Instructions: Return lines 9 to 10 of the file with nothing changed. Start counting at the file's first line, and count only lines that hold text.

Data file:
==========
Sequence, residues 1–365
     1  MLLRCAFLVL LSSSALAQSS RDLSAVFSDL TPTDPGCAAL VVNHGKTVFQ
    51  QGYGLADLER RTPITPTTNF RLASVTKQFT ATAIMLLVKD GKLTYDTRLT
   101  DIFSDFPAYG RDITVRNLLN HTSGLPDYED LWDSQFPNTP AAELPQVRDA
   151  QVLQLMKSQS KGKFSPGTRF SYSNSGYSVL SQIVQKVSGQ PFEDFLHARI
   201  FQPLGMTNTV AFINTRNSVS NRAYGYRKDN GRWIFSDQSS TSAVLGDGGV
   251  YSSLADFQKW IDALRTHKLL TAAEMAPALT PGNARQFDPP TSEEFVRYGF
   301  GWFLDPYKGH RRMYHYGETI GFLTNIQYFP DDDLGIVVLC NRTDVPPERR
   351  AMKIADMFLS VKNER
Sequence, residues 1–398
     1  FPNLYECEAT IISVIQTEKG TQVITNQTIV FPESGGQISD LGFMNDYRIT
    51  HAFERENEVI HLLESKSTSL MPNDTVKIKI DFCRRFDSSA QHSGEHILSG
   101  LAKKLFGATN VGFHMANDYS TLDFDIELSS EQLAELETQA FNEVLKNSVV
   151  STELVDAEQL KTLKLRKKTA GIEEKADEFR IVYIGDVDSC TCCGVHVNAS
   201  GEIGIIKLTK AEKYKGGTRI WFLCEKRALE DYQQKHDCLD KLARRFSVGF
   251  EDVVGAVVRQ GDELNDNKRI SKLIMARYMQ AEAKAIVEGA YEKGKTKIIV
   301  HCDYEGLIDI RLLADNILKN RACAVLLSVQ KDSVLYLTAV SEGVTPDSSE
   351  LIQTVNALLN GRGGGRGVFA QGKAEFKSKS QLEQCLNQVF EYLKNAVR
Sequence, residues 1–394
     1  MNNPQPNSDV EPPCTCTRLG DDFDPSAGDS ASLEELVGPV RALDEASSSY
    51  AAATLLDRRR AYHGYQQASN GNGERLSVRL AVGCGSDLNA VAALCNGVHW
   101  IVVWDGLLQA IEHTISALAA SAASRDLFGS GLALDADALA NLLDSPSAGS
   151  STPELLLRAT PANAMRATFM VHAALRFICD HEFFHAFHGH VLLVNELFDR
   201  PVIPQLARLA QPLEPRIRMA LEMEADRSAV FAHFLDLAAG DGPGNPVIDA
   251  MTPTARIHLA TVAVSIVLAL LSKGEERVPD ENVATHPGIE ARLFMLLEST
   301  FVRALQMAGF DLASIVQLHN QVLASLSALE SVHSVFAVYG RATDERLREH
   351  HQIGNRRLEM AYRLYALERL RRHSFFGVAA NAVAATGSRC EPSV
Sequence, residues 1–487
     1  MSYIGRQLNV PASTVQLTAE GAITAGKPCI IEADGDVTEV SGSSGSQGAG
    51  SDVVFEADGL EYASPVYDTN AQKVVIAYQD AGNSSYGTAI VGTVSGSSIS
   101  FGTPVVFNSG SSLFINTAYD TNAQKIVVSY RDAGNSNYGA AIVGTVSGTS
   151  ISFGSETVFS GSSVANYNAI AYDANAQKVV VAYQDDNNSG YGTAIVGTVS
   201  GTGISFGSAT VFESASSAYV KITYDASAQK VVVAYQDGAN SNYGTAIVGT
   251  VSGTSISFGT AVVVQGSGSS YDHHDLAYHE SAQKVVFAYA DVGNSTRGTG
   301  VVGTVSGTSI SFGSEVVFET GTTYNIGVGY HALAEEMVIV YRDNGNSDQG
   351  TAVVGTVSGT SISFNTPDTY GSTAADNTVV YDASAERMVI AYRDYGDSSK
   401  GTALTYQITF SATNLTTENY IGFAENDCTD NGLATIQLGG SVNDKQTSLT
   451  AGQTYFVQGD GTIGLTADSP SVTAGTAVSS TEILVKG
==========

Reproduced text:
   351  AMKIADMFLS VKNER
Sequence, residues 1–398